One of the dangers of travelling alone is that it becomes very easy to postpone making decisions. After finishing the Annapurna Base Camp trek and getting comfortable in Pokhara, I was definitely falling into this trap. The decision looming was to either head directly to India or to go back to Kathmandu and then off for one last trek. My indecision was supported by a mild sinus infection that kept me thinking “I will see how I feel tomorrow”. Finally, I had made up my mind; I was heading to Langtang to trek into the mountains along the border of Tibet. It turns out that my indecision and the timing of my eventual decision were absolutely perfect. I met up with Jan (from my previous Panchase trek) in Kathmandu, we loaded up on food and ditched the unnecessary things from our bags and were off to the mountains just in time for the annual Langtang Festival. I am still not completely clear on the details of the festivals, other than being told that after working very hard all year, the local people gather for 3 days of dancing, singing, prayer, home-brew drinking, very little sleeping and trekking to a remote location and back to celebrate. This year, that location was Langshisha, 4 hours walk/dance from Kyangjin Gompa, north-east of Langtang village. The journey began with a 10 hour nerve-racking bus ride over terrain that may have once resembled a narrow road, but is now comprised of sections of compacted landslides, massive chunks of rocks and even occasional speed-bumps. We arrived in Syabru Bensi very shaken and grateful for a long, quiet sleep before setting out on the trek. There were two possible starting points to head to Langtang from Syabru Bensi; due to landslides on the lower section, we chose the upper section. Upper…meaning up, up, up. About an hour into the climb, I began to realize that my sinus infection was not gone, but rather back with a vengeance. It even got to the point that I was considering turning around due to the intense throbbing in my head. However, Jan persuaded me to go on and was patient enough to go as slowly as I needed. We crested the hill around lunch and stopped in Sherpa Gaun for a rest. This was extremely exciting for me as I had spent 6 weeks learning about the beauty of this village from Dhakpa, one of the amazing boys at Manjushri Monastery. It is a stunning small village perched on the edge of the hill overlooking the lush valley at about 2500m elevation. After resting and refuelling, we descended to Lama Hotel alongside the river for the night. Early the next morning, we were off again, hoping to get at least as far as Langtang. I loaded up on paracetamol and was sort of good to go (again, very slowly). There were a number of times during the trek when I had to remind myself to ignore my headache and focus on the incredible environment surrounding me. The forests were full of trees that seemed to be dripping with moss and ferns, the river was raging with glacial melt waters, the birds and other animals chatted away oblivious to our intrusion, and even the air seemed to take on a new quality (although I couldn’t smell anything…silly sinuses). This was truly a beautiful trek. By the early afternoon, we had emerged from the forest into the high elevation fields. Each village was preceded by a line on stone Mani piles inscripted with Buddhist mantras to guard the towns and offer safe travels to those that pass. Although we had climbed back up to over 3000m, the mountains were still soaring over us reminding us of how small we actually are. Arriving in Langtang earlier then expected, we found the old village to be an enchanting collection of stone and wood carved houses with more stone walls and pathways winding between them. However, this was not the final destination, so on we went up to Kyangjin Gompa at 3800m. Approaching this last village, we were surrounded by massive rocks protruding out of the mist with the sound of singing luring us to upwards. We arrived and immediately headed to the Gompa to get our first encounter with the festival. There were people in the courtyard dancing and singing, people in the hall also dancing and singing, and people in the kitchen handing out yak milk tea. What a sight! While warming myself with a fresh tea, I was ushered out of the way as the shaman came through to dance to the drums and bless the beer. The women, dressed in their traditional Tibetan Diki-la (dresses), joined arms and danced together while the men (mostly in western clothes) did the same. It was soon time to get out of the sweaty trek clothes and settle in for the night, but the festival continued on all night. The next morning, I decided to ignore my desire to stay in bed and recuperate and instead head out on the 4 hour trip up to Langshisha with all of the villagers to witness the main event of the festival. We walked in a long line of colourful dresses, North-Face jackets, and swaying braids (seriously, these women have the most impressive braids I have ever seen) to the sound of the same song repeated over and over with different lyrics each time. There were a few rest stops for food, Raksi (alcohol made from millet) and Chhaang (beer), but the dancing and singing never stopped. Arriving at Langshisha we were again greeted with hot yak milk tea and watched as each group arrived, danced, drummed and celebrated. There were 6 of us Westerners floating around at the festival and about 600 Nepali/Tibetan revellers. This is not an experience I will soon forget. Inside the stone house, there was puja with the local Lamas, up on the rock, there were prayer flags being hung, around the smoking evergreen branches there was dancing and everywhere there was excited (possibly a wee bit drunk) conversation and singing. We were invited to spend the night numerous times, repeatedly being told that the cold wouldn’t matter because no one sleeps anyways. However, the idea of a warm bed and painkillers back in Kyangjin Gompa was too much to pass up and we headed back to the village for the night. After a glorious do nothing/rest and recuperate day I was still not feeling very well. I decided to skip the trek down to Kathmandu via Gosainkunda and instead head back to Syabru Bensi and take the bus back. So, after 2 more days of trekking down, I was ready to get on the bus, or so I thought. It turns out that while away, there were a number of fresh landslides which made the journey even more exciting than it had been on the way up. The bus wasn’t able to make it to town, so a group of us again went for a little 40 minute trek up over a landslide and a hill to the spot where the bus was waiting. We then stopped in Dunche for a tire change and then stopped again in Ramche for a 20 minutes walk over a landslide to a bus waiting on the other side. Just at the end of this walk, the Nepali men on the other side started yelling at me to get over quickly. It seems that the ground was not quite settled and a few rocks were breaking loose. We got on our new bus for a few minutes, then were again stopped at a very fresh landslide. After two hours of watching a backhoe cleverly recreate the road, we walked across the damaged area and looked back through the mist as our bus made it’s attempt. It managed to round the corner and charge the hill, but couldn’t get the whole way up, so the men gathered, tired a rope to the bus and pulled it the rest of the way over the rubble. Thankfully, this was our last serious landslide, but there were a few other spots where we were unloaded and walked across the dangerous sections so the bus could come over empty…just in case. After 12 harrowing, bumpy, and somewhat painful hours we were back in Kathmandu. I immediately dropped off my bag and headed to the pharmacy for antibiotics and painkillers. I am not usually a fan of medications, but there comes a point where it just seems like the last choice. However, I comforted myself by stopping off at the bakery and picking up some chocolate cake and a bottle of sprite before settling in with my meds and a movie…a perfect evening followed by 14 beautiful hours of sleep. This was the last major outing of my time in Nepal, which means that I will soon be off to India. I have had 3 amazing months in this country and will be very sad to leave. However, new adventures await!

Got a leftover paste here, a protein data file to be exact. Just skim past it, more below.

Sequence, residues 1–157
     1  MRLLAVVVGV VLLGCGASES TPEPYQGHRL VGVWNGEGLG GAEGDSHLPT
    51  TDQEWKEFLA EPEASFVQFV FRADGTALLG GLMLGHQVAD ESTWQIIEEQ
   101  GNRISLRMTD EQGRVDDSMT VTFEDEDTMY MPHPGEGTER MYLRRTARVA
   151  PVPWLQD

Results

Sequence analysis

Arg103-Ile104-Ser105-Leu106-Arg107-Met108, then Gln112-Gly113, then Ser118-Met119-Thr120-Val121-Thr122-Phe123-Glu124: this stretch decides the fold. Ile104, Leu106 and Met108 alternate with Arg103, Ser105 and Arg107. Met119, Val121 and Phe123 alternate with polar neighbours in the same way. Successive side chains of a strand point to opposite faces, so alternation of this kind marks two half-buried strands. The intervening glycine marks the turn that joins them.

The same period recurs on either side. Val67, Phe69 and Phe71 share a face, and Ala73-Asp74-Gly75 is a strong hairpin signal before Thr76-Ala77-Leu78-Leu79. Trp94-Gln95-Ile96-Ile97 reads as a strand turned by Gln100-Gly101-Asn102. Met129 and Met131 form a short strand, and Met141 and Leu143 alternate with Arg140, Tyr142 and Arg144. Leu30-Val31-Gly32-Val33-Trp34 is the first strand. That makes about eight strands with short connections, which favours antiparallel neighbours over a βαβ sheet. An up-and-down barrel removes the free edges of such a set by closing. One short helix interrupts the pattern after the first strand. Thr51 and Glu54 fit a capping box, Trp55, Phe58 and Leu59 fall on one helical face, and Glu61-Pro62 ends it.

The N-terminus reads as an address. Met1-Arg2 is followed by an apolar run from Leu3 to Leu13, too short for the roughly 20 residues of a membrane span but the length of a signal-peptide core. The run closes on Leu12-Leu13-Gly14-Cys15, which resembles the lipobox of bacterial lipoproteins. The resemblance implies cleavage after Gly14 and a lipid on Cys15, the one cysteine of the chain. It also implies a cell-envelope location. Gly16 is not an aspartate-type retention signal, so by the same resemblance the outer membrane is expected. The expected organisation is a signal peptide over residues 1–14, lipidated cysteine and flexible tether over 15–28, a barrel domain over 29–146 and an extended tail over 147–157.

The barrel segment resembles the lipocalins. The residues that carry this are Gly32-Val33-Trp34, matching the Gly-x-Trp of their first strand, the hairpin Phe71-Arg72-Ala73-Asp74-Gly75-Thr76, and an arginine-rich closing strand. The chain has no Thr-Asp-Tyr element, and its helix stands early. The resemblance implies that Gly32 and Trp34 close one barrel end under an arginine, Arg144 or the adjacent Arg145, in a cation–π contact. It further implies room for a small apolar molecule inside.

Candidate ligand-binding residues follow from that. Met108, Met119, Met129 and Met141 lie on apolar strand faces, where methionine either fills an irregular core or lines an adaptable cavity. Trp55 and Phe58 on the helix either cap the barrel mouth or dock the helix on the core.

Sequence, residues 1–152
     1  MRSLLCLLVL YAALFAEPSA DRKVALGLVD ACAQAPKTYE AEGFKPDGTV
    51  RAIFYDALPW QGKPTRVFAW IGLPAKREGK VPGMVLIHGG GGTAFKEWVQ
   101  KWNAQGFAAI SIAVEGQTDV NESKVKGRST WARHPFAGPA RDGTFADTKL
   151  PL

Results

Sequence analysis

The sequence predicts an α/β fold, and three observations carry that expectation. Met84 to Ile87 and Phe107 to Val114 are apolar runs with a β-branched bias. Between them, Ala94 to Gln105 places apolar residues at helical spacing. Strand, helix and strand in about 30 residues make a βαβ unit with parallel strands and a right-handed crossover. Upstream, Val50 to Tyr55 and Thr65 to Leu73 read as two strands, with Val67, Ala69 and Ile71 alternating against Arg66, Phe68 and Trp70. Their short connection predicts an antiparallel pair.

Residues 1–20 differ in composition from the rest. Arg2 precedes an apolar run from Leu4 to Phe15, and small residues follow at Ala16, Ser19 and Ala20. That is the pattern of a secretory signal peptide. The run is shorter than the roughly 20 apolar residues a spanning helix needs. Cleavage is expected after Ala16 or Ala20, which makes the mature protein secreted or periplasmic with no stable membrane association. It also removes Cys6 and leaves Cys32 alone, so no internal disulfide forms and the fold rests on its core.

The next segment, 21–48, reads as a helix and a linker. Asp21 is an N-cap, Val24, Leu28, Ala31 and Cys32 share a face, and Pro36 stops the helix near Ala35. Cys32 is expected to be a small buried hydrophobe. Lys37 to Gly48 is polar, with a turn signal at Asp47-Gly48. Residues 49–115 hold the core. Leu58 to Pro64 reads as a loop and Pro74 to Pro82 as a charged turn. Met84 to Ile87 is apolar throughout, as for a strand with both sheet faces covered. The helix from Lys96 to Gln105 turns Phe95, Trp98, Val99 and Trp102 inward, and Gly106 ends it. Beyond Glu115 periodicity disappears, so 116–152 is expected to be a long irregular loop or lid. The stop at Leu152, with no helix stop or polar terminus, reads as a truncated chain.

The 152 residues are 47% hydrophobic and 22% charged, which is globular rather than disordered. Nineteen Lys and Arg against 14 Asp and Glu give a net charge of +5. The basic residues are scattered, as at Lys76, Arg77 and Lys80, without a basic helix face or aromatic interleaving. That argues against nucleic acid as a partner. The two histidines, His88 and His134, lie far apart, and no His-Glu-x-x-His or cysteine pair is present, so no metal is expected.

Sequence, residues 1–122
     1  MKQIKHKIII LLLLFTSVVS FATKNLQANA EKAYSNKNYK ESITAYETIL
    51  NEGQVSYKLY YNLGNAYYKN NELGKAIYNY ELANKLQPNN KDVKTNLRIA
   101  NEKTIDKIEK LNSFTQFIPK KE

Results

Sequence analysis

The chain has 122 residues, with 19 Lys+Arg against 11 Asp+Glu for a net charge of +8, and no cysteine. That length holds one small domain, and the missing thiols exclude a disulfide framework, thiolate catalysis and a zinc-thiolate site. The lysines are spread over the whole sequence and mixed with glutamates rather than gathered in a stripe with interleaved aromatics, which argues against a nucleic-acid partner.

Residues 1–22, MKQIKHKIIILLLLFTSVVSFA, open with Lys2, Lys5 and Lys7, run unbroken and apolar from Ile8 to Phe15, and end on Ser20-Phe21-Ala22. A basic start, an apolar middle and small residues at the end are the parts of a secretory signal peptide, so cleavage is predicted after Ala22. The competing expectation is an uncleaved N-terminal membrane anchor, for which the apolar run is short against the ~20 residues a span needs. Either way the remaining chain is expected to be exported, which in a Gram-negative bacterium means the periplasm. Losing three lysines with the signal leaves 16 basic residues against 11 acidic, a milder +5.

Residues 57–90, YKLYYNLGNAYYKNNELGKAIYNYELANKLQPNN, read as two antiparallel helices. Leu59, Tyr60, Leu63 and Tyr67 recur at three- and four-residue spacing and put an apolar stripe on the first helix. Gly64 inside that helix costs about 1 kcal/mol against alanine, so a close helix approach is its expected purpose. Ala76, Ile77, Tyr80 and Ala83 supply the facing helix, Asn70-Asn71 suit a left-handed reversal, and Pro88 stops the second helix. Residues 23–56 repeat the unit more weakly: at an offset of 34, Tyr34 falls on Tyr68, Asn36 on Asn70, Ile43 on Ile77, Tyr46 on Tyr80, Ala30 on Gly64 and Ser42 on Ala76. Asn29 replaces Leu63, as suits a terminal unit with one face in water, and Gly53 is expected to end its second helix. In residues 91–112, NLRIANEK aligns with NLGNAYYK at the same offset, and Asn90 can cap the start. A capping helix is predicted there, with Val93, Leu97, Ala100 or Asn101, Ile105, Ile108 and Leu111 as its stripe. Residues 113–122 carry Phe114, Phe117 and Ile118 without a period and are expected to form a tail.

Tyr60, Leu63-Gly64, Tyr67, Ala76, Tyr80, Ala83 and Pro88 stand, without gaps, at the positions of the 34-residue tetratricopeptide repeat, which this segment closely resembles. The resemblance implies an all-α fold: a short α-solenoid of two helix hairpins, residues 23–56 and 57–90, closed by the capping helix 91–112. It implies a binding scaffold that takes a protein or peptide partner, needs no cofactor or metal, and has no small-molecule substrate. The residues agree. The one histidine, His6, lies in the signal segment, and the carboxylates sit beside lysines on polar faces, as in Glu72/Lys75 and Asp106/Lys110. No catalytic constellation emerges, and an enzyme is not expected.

***The video isn’t very good quality as I am on limited internet time, but the photo page has been updated!***